BBC’s Life on Blu-ray
Life is a sprawling, ten episode nature documentary, first aired on on BBC One and BBC HD in late 2009. Commissioned by Peter Fincham just weeks after he became the Network Controller of BBC One, it was a bold move for someone who just became the boss. The series was shot entirely in high-definition. It took three years of filming, on seven continents. Seventy camera crews filmed over three thousand shooting days, documenting two hundred different species. If there ever was an epic wildlife documentary, this is it.
The first episode of Life is a general introduction to the series. The next nine episodes focus on one specific subject. In order, Reptiles and Amphibians, Mammals, Fish, Birds, Insects, Hunters and Hunted, Creatures of the Deep, Plants, and finally Primates. When aired in Canada and the United Kingdom, each episode ran fifty minutes, followed by a ten minute ‘making of’ featurette, rounding out the presentation to an hour. Originally, the script was written and narrated by David Attenborough. However, for its broadcast in the US, Oprah narrated from a different script that was tailored to American audiences. Each episode was also edited to make time for commercial breaks. The ‘making of’ portions were scrapped entirely.
Life was originally presented as part of BBC’s Darwin Season, focusing on extreme behaviors and strategies living things have adopted in order to survive–something Darwin called “the struggle for existence”. If these observed behaviors are considered remarkable, the fact BBC’s crews were able to capture it on camera is a miracle. Life, in all its wonder, truly is capture on screen. And in high definition, it’s breathtaking.
Of course, some segments are more compelling than others. Highlights for this viewer included Reptiles and Amphibians, Insects, Creatures of the Deep, and Plants. Surprisingly, I found the Primates and Birds sections to be a bit uninspired in their narration. Whether the blame can be placed securely at the feet of Oprah, or the American version of the script, I don’t know. I haven’t heard the original with Attenborough. I did very much enjoy his somewhat clinical relationship to Planet Earth. Feeling one or two of the segments dragged in its traditional story telling obligations, should not imply that the visual images never cease to amaze. The visuals are a feast for your eyes, and I can honestly say, I never tired of looking at the screen.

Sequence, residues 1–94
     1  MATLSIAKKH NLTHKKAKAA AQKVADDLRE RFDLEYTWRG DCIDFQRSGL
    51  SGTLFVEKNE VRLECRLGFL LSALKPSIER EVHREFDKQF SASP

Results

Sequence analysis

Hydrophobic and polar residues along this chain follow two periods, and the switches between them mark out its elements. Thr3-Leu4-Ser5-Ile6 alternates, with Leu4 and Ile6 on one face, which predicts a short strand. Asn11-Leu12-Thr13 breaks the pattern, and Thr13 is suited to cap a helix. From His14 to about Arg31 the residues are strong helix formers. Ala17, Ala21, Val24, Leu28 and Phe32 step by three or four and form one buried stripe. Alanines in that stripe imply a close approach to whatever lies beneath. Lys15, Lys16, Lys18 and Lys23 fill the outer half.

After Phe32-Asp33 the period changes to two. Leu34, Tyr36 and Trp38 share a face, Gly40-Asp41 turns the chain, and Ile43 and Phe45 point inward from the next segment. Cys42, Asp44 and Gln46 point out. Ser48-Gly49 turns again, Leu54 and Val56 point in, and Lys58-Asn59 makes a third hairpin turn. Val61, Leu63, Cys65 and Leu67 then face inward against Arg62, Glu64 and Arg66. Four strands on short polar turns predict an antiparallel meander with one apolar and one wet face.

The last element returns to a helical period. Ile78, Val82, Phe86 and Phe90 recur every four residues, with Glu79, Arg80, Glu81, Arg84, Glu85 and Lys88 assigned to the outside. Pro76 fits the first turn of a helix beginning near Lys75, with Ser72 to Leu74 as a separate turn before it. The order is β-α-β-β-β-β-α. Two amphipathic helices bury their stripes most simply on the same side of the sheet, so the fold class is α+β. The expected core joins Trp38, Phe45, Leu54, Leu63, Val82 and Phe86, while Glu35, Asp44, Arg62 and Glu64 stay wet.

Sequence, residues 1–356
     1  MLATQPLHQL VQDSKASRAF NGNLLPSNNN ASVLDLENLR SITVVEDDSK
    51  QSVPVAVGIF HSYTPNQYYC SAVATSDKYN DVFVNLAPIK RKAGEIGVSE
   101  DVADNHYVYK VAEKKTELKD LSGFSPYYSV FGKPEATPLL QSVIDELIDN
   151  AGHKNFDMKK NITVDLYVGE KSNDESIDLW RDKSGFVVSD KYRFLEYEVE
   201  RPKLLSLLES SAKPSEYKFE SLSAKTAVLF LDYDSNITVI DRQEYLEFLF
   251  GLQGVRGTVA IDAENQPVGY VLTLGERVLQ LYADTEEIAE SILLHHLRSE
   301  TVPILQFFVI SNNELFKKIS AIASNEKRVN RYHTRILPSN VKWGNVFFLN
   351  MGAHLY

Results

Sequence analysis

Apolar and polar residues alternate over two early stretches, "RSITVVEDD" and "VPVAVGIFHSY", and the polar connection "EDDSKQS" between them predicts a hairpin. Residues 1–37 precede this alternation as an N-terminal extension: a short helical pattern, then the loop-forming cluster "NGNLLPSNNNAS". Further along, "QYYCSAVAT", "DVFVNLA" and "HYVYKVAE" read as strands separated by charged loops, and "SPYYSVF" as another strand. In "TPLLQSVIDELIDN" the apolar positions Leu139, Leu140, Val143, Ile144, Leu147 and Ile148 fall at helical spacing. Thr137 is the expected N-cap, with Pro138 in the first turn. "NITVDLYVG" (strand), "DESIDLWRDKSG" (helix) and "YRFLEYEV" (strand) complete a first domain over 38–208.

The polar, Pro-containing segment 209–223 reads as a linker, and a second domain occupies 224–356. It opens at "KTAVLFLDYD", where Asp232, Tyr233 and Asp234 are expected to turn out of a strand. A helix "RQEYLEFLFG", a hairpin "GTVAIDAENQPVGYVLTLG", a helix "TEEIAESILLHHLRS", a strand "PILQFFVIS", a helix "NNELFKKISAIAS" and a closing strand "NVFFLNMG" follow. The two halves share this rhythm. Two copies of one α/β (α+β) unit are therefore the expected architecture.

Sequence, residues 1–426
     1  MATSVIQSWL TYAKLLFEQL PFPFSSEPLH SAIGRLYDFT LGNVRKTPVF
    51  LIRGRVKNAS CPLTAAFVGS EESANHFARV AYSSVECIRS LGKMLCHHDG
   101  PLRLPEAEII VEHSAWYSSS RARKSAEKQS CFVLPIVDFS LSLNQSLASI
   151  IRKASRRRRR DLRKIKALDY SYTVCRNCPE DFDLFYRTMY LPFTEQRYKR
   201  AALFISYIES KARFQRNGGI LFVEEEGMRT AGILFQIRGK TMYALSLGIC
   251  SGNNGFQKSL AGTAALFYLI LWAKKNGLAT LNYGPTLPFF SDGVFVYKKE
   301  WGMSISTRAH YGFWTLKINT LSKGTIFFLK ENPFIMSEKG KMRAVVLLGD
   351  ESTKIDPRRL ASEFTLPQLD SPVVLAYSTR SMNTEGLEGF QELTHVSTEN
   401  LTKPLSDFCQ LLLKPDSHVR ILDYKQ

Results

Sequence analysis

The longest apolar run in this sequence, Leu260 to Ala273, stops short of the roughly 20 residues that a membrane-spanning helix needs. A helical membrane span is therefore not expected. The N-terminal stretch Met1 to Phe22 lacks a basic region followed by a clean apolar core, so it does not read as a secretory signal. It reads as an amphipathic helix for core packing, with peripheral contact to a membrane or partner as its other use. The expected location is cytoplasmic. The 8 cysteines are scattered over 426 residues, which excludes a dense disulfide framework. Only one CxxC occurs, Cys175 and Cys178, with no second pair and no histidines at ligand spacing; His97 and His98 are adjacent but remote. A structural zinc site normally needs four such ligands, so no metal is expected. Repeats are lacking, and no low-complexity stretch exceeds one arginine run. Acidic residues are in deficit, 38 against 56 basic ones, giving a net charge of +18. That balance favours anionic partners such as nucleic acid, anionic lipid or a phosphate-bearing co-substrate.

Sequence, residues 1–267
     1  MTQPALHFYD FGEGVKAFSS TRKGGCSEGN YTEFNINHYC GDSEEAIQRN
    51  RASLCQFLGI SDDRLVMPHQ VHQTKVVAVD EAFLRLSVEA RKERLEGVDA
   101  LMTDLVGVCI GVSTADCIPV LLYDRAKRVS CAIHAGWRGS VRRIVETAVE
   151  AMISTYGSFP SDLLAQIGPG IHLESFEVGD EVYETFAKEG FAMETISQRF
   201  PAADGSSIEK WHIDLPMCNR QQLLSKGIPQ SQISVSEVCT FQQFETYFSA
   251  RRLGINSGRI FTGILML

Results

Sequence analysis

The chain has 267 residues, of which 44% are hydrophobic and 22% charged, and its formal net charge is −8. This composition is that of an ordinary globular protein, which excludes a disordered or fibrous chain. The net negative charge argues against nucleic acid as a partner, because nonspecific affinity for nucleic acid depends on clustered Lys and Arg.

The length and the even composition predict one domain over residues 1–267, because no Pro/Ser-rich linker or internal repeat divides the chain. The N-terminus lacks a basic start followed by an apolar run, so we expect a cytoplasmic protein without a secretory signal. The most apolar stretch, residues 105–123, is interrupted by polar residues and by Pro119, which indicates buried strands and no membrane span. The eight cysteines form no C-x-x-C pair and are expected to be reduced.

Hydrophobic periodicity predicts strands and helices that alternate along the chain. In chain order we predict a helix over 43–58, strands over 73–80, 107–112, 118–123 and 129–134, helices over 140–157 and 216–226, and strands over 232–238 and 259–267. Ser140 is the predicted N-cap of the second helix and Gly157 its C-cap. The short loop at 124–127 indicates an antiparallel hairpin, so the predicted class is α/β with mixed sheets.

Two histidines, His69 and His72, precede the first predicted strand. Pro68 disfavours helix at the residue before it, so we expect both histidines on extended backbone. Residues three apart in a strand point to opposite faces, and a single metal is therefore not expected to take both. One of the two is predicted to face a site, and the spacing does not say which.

If you are one who caught this series when aired on Discovery in the US, I can’t recommend the bonus features made available on the Blu-ray Collector’s Set enough. Besides a collection of fascinating deleted scenes, every single ‘making of’ featurette is included. Honestly, I have a love/hate relationship with these ten minute segments. On one hand, I’m grateful I had so many questions answered. Through my first viewing of Life, with my jaw dropped, I constantly wondered how such magnificent shots were filmed. How to a camera crew get so close to a herd of twelve Komodo dragons taking down a full size buffalo? How did they follow the journey of a tree frog smaller than the size of my finger nail, up the length of a one hundred foot tree? These segments answer these questions.
However, there is a magical quality of the main segments of Life. You truly feel like you’re an omniscient observer, making an unobtrusive visit to a world, unobserved by the animals being filmed. Somewhere, you know this isn’t true, and it’s a testament to the quality of the documentary that this atmosphere is preserved. So it’s a bit like revealing the man behind the curtain when you see the cameramen and women so close to the action, occasionally even interacting with the animals (for safety precautions), or using trick photography to emphasize certain points (as far as I know this was exclusively used in the Plants segment in order to capture things on camera that are otherwise impossible to film).
Overall, Life is a bit sanitized. Rarely will you see an animal be killed, or eaten (except for in the deleted scenes). At first, the absence of this ubiquitous part of natural life seemed like a disservice to an otherwise exceptional documentary series, though, I was missing the point. Life is a celebration of, well, life, in all its glory. There’s nothing missing in Life, it’s a complete, and completely mesmerizing series that explores worlds usually unavailable to most in such beauty, it’s sometimes overwhelming.
Warner Brothers provided BFR with a review copy of Life